Why access an app to send an email when you can send one right from your home screen without having to open the app? Why access the calendar app or the phone app when you can add appointments and dial contacts from the home screen?

Sure, Apple will argue you can do this with 3D Touch, but I don’t want to perform any special gestures to get the job done. I want the facility there in front of me. Yes, it will take longer to set this up, but it will save time and energy in the long run.

Generally, Phone Civilians use iOS as its simpler and easier. Phone Geeks use Android because it’s not as restrictive and allows for customisation. However, this isn’t exclusive, and you’ll often find that both Geeks and Civilians use both platforms for different reasons.

If that argument doesn’t really make any sense, how about this: imagine buying a writing desk from a furniture store to put in your house. Your plan is to use that desk how you please, by placing your own pens, books, computer and notepads on the desk. But, the store delivers the desk with its own laptop, branded pens and notepads attached. The only level of customisation available is how you can arrange them on the desk. You can’t remove them or replace them with alternatives, all you can do is accept they’re there and get used to them.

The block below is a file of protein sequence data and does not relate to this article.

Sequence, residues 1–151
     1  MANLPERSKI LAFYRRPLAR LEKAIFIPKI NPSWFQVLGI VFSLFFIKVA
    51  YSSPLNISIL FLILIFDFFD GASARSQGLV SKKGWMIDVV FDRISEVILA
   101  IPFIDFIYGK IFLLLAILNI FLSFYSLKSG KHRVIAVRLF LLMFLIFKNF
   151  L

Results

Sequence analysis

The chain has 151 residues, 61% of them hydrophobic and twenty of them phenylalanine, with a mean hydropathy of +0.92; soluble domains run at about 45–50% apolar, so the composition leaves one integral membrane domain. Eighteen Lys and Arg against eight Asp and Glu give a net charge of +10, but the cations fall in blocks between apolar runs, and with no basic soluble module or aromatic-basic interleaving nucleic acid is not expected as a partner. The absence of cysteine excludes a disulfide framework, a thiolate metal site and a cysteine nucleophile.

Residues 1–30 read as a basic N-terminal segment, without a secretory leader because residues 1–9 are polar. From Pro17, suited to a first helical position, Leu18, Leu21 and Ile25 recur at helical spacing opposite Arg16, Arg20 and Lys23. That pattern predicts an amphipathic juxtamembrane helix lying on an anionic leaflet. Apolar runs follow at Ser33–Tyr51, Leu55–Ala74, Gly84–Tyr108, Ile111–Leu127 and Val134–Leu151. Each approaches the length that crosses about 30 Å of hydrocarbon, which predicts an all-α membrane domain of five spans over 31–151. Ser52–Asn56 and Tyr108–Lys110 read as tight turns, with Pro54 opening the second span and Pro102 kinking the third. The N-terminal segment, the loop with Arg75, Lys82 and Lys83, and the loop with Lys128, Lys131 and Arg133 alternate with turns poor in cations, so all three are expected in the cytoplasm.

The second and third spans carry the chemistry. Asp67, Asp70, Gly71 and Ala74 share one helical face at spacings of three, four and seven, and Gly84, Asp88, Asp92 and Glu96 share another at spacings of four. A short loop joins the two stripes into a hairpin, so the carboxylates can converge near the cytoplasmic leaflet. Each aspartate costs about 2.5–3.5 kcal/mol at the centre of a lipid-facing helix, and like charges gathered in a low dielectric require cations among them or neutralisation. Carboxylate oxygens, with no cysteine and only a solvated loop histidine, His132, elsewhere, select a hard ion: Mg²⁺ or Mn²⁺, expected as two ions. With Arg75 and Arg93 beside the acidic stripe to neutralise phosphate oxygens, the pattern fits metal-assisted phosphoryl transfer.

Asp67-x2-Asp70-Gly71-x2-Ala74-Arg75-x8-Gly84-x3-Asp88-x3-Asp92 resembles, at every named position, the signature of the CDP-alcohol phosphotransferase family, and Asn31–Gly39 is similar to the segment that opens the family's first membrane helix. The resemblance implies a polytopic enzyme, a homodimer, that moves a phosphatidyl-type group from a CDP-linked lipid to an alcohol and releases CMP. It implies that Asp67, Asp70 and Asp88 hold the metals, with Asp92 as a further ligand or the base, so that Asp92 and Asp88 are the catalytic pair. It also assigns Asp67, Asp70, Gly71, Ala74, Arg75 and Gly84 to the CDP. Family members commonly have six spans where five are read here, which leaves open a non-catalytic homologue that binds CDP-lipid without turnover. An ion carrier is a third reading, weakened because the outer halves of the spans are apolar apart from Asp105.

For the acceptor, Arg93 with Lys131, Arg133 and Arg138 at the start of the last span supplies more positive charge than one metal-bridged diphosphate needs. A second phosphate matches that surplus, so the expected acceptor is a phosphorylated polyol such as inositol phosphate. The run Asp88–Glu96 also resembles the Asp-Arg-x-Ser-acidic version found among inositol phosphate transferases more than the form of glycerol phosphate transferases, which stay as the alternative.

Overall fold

Why I love Android over iOS and Windows Mobile

That’s how I’d feel about using an iPhone. Whereas, using an Android phone has allowed me to be free. It allows me to use it how I want, just like I do with my laptop.

On my laptop, I can set up and use have custom icons made from photos I’ve taken – by converting JPEG images to ICO icon files. As well as setting a custom wallpaper, I have the freedom to arrange the layout and size of the desktop icons. Android offers me that same freedom, and to have a workspace that’s convenient to me. iOS pales in comparison, and back on my iPod Touch felt restrictive and suppressed. Even now, even with a fresh look, it still feels the same. 3D Touch may be useful for some, but for me it’s nothing more than a carbon copy of Huawei’s Force Touch feature and a cheap gimmick that I’d never use. Sure, Nova Launcher Prime and Action Launcher 3 have Quick Actions, which is a similar feature, but I’ve not really used the feature enough to say I’d miss it if it weren’t there.

In terms of customizing the home screens on iOS, yes you can move the icons around, but they were all there unless you hid them away into folders. And that always looked too messy to me.

I suppose this, and the fact that I didn’t like the futuristic neon TRON look and feel of Android Jelly Bean, was why I chose Windows Phone-now-Mobile for my first smartphone, as I thought it would offer a mobile version of the desktop experience I’d come to know and love.